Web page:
Coconut is adapted to hydrochory, ie dispersal by water. Coconut is one of the little fruits known to have been adapted to oceanic dispersal. The water contained by the coconut enables its floatation and facilitates its dispersal over long distances. In addition, the fruit is resistant to salinity and does not rot. When it gets the beaches, it can germinate after having sailed 110 days (or 4000 km). However, its pantropical distribution is not only due to its oceanic dispersal but is also linked to its cultivation by humans. Human migration to Southeast Asia would not have been possible without the coconut cultivation and coconut should not have been so widely dispersed if not for its value.
It is therefore quite likely that the wide variety of coconut uses has conditioned its migration history. There are several hypotheses about coconut origin. De Candolle, at 1886, proposed that the coconut was American, based on the distribution of all other members of the Cocoseae tribe (200 species distributed in 20 genera from America), except for the African palm oil (Elaeis guineensis, the source of palm oil). Other hypotheses (Beccari, 1963) claim of an Asian origin because morphological variation in the region is greater, popular names and uses are more diverse on this continent and in addition there is an Asian endemic hermit crab (Brigues latro) that can only live in symbiosis with coconut. So from Asia and with human help, coconut palm tree would have migrated eastwards to the Pacific ocean and westwards to the Indian Ocean.
COCONUT TREE ORIGIN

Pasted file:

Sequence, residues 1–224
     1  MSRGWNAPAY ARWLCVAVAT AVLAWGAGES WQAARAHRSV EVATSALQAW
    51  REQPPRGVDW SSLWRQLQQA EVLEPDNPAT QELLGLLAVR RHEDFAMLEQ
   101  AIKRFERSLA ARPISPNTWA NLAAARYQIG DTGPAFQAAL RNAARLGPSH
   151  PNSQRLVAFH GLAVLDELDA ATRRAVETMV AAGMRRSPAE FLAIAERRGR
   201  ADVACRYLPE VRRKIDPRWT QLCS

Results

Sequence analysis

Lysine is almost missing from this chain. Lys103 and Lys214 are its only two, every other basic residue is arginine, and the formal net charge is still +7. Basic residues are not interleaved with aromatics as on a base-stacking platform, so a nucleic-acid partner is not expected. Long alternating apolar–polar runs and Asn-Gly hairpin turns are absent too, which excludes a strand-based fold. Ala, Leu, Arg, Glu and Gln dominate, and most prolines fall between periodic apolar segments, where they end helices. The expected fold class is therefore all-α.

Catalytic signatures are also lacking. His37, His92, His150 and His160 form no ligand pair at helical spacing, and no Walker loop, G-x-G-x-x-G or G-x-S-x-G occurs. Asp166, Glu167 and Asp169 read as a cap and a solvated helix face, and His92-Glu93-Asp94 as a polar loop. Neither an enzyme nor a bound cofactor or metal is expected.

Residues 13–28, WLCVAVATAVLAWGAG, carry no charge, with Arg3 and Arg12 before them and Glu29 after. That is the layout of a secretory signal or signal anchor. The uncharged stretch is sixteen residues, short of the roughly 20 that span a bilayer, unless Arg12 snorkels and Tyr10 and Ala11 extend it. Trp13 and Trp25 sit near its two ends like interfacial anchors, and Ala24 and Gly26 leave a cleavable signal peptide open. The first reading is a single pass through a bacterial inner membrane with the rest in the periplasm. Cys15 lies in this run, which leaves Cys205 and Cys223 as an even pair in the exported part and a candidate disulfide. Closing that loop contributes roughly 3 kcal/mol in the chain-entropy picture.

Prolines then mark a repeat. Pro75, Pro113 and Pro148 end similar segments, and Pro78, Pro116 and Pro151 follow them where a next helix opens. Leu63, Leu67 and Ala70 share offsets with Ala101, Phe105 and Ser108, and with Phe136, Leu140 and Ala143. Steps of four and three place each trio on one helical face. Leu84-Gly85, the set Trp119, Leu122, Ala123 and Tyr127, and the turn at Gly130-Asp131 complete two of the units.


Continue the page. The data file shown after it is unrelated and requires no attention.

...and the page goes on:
Recent studies using DNA as a source of information have made new discoveries about coconut origin. It seems that despite the wide variety of cultivars and human manipulation, coconut palm tree populations have a strong structure into two genetic groups, one in the Indian Ocean (including Indian and African populations), and the other in the Pacific ocean (including Southeast Asian, Caribbean and South American populations). Thus, all current coconut populations come from one of these two groups, demonstrating its Asian origin. For example, Brazilian and Caribbean populations come from the Indian group and the American Pacific coast populations come from Southeast Asia.
Therefore, it seems that the coconut tree is native to both Pacific and Indian coasts and that coconut cultivation arose independently in these two regions.
- Beccari, O. 1963. The origin and dispersal of Cocos nucifera. Principes 7: 57–69.
- de Candolle, A. 1886. Origin of cultivated plants. New York: Hafner. 468 p.
- Cook, O.F. 1911. History of the Coconut Palm in America. American Journal of Sciences 31(183): 221-226.
- Gunn, B.F. 2004. The phylogeny of the Cocoeae (Arecaceae) with emphasis on Cocos nucifera. Annals of the Missouri Botanical Garden 91: 505–522.
- Gunn, B.F., Baudouin, L. & Olsen, K. M. 2011. Independent Origins of Cultivated Coconut (Cocos nucifera L.) in the Old World Tropics. PLoS ONE 6(6): e21143.
- Meerow, A.W., Noblick, L., Salas-Leiva, Dayana E., Sanchez, V., Francisco-Ortega, J., Jestrow, B. & Nakamura, K. 2015. Phylogeny and historical biogeography of the cocosoid palms (Arecaceae, Arecoideae, Cocoseae) inferred from sequences of six WRKY gene family loci. Cladistics 31: 1096-0031.
- Scientific American: Coconuts: not indigenous, but quite at home nevertheless